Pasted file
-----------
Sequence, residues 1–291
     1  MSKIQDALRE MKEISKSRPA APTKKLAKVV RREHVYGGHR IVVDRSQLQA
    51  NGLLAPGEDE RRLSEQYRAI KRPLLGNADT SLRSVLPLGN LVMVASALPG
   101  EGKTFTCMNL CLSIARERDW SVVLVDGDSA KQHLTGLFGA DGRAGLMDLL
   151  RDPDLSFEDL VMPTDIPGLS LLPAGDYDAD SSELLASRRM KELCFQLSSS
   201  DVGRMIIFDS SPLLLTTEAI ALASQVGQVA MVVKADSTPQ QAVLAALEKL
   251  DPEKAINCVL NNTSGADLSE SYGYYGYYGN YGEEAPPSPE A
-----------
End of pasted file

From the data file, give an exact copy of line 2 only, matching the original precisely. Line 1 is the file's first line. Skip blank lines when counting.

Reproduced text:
     1  MSKIQDALRE MKEISKSRPA APTKKLAKVV RREHVYGGHR IVVDRSQLQA